BRITISH AMERICAN TOBACCO'S SUPPLY CHAIN
BAT’s supply chain relies on sustainable agriculture and farming communities, and the group has had long-term involvement in agricultural extension (the application of scientific research and new knowledge to agricultural practices through farmer education). BAT currently provides direct agronomy support (applying the science of soil management and crop production) to around 160,000 growers in 19 countries, covering all aspects of environmental best practice. Most of these farmers grow tobacco on a small scale, alongside or in rotation with food crops, in mixed farming landscapes.
BRITISH AMERICAN TOBACCO BIODIVERSITY PARTNERSHIP
In 2001 Earthwatch, BAT, and several other conservation organizations established the BAT Biodiversity Partnership. Currently the Partnership consists of BAT, Earthwatch, Fauna & Flora International, and the Tropical Biology Association. The aim was to introduce biodiversity awareness into the business as well as to start to address biodiversity impacts and management within agricultural ecosystems. Initially the Partnership focused on local implementation of the Convention on Biological Diversity and gaining an understanding of BAT’s impacts across its leaf-growing operations. The NGO Partners delivered significant conservation outcomes through their own initiatives as well as laying the groundwork for joint projects. Between 2001 and 2010, BAT helped 205 young scientists and educators gain skills and experience working on Earthwatch projects in Africa, Southeast Asia, and Belarus, and 137 BAT staff joined scientists on Earthwatch projects around the world.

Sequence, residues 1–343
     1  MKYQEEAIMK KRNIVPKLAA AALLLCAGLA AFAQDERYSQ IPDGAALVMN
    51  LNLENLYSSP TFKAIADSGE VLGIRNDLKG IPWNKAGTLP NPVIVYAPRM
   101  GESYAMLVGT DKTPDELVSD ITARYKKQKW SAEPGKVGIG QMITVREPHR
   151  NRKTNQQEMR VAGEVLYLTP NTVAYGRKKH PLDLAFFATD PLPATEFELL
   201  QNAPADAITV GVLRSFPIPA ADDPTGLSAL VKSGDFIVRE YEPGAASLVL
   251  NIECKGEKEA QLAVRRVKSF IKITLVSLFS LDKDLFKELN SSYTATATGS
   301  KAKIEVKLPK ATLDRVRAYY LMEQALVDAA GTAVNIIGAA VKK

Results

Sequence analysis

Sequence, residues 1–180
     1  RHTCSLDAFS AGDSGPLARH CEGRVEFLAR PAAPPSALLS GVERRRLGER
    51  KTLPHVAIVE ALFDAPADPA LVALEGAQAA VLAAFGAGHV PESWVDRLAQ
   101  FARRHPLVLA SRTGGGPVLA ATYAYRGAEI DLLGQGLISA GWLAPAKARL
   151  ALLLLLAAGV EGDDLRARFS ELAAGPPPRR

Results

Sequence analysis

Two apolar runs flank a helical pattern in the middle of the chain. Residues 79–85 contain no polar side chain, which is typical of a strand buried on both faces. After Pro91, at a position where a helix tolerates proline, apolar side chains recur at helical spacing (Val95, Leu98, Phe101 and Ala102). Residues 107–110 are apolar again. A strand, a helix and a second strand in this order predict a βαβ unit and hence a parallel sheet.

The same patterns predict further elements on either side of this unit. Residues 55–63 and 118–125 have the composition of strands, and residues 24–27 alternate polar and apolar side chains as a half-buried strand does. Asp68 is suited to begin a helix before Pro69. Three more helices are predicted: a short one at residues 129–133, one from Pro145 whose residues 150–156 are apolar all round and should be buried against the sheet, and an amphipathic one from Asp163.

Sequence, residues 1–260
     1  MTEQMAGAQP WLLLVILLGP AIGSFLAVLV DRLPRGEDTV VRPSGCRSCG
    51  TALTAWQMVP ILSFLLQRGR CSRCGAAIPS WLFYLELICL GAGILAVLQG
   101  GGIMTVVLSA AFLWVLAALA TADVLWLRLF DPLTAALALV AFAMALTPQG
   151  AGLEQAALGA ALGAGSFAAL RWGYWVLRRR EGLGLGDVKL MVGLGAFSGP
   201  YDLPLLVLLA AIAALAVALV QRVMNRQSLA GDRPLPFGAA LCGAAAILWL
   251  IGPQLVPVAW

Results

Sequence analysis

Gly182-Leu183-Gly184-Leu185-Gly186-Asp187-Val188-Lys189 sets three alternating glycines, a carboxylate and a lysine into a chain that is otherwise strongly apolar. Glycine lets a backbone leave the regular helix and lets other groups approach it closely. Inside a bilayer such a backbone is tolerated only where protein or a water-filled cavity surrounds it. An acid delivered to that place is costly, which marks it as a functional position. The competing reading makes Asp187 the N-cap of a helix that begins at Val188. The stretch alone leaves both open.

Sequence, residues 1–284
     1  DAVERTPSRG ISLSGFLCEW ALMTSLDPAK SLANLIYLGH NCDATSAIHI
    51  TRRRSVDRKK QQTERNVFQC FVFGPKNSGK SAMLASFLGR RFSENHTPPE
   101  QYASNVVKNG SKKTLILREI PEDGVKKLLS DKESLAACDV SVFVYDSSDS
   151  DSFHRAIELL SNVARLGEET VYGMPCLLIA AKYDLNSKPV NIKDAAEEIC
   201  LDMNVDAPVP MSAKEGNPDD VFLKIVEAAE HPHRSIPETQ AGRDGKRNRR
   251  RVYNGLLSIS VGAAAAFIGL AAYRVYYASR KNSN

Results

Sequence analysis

In Term 2 (2006–2010), the Partnership developed a more integrated program to help BAT’s commitment to embed biodiversity conservation principles into its business operations, and a range of tools to drive change. This included development of the Biodiversity Risk & Opportunity Assessment (BROA) Tool and support for its rollout across BAT’s operations. The direction for this journey was set by the British American Tobacco Biodiversity Statement of 2006. The Partnership continued to support important conservation projects around the world, in line with the NGO partners’ missions.
Since 2011 the Partnership has had a sharper focus on biodiversity and ecosystem services in mixed agricultural landscapes and the ecosystems on which they depend. In addition to joint “operational” projects such as BROA, Earthwatch is currently implementing two “aligned” research projects focused on agricultural landscapes in the Indian Himalaya and the Atlantic rainforest of Brazil.
The Partnership is funded by £1.5 million per year split among the four partners (approximately £300 thousand per year for Earthwatch).
The Partnership supports two pieces of high-quality research in strategic locations for Earthwatch (India and Brazil) that will make important contributions to the understanding of certain aspects of the ecology of these landscapes. This understanding will in turn help inform policy and management practices in those regions.